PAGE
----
Humans, Dogs, and Civilization Humans, Dogs, and Civilization discussion

dogs, evolution of, self domestication of, Paleolithic humans, civilization

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Elaine This is the Kirkus review of my forthcoming (in February) book Humans, Dogs, and Civilization.

A linguistics scholar looks at how dogs adapted themselves to a man-made ecological niche and how humans benefited from the relationship. Chaika…uses her scientific background, extensive research, and personal experience to examine how humans and dogs learned to communicate. …

The domestication of dogs, she writes, isn’t something that humans could have conceived of and accomplished alone, and she intelligently dismantles popularly accepted notions…Instead, dogs used their inborn herding, hunting and guarding talents…to woo us into partnerships with them. Essential to this, Chaika writes, is dogs’ natural, genetic love of pleasing humans and doing their jobs well…She then looks at the fascinating, important implications: “Private property was an outcome of dogs herding for their chosen masters. Without dogs, we’d still be hunter-gatherers.”

Throughout, Chaika includes affecting, telling reminisces of dogs she’s known in her own life. Her perspective offers some valuable insights… the author makes many of the same points several times over, but she does make them well. She also encloses a useful list of referenced works.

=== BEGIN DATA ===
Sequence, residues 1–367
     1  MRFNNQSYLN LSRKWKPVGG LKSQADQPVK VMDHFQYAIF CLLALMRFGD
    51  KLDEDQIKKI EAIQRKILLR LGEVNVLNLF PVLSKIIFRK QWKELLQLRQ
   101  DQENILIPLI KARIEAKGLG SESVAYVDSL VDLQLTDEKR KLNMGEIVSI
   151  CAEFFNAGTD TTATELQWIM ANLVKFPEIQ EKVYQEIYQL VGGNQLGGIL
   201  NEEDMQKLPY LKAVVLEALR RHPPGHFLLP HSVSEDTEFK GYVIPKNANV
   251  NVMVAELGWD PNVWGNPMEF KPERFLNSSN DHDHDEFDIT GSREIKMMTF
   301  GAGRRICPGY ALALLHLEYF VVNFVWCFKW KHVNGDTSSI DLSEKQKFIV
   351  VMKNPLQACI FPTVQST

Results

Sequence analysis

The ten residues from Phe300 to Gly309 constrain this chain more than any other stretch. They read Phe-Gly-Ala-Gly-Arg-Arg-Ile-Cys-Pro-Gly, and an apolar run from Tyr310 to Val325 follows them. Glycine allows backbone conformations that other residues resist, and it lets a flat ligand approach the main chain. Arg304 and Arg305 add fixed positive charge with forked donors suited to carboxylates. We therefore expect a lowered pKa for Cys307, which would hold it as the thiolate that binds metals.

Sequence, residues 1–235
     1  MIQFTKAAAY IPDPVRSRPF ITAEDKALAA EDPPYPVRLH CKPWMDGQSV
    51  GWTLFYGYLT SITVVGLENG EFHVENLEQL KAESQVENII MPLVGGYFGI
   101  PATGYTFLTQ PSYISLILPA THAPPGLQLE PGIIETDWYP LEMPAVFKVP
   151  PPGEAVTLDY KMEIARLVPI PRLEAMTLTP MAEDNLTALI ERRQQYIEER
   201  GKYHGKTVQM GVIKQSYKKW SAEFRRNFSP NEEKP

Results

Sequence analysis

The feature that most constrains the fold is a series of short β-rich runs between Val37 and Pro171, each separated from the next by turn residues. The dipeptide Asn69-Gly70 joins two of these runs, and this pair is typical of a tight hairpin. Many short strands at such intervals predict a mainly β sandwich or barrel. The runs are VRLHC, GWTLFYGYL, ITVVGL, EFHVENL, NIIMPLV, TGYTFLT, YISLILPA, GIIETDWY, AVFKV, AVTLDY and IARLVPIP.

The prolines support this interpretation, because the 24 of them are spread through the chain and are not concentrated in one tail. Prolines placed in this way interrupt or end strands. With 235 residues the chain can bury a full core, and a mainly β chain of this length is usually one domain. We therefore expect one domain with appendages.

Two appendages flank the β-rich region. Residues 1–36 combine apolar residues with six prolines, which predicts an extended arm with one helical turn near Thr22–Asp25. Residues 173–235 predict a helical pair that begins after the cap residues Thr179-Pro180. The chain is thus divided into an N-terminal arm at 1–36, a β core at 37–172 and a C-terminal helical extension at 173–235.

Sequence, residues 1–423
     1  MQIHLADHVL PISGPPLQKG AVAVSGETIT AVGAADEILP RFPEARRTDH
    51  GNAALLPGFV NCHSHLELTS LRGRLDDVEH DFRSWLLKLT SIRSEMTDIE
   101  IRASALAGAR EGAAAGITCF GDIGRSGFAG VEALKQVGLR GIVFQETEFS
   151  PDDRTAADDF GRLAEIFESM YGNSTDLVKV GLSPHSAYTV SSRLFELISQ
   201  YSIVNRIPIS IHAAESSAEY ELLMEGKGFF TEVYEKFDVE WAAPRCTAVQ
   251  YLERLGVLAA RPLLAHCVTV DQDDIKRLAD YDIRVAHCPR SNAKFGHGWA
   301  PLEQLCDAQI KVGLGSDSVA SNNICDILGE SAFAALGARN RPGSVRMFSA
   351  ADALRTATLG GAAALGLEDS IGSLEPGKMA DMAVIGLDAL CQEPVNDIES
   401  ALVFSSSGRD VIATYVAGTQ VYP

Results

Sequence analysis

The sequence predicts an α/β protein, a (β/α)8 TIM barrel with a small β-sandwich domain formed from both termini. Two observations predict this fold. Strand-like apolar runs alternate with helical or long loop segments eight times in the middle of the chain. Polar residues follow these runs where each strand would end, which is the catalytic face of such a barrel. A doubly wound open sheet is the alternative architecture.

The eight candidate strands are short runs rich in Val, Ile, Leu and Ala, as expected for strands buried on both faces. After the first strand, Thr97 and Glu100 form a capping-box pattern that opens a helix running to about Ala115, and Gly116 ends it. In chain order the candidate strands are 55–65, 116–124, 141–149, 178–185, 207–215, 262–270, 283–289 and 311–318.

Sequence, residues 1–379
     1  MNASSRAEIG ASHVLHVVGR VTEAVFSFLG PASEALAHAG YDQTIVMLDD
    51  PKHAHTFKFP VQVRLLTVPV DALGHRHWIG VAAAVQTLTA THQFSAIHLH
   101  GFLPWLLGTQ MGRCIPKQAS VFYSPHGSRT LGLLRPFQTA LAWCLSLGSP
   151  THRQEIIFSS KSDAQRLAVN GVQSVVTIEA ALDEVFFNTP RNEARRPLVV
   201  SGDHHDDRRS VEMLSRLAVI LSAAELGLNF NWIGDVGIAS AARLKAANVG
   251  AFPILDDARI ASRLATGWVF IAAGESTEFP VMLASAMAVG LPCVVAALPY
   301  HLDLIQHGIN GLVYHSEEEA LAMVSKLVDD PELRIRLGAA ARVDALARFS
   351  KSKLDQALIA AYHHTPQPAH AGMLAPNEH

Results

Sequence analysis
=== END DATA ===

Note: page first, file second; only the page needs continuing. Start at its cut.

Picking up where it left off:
Often persuasive and engaging and a must-read for anyone interested in the long partnership between dogs and people.
Kirkus Reviews

Elaine This will be available as an ebook on or about February 15th. It will be distributed to all ebook vendors. The paper copy of the book will be available soon after. You can also go to my blog where I'll have a widget for you to download a copy, also on my author page on If I can figure it out, I'll have a widget on my Facebook page, Amazing Dogs--Yours and Mine.

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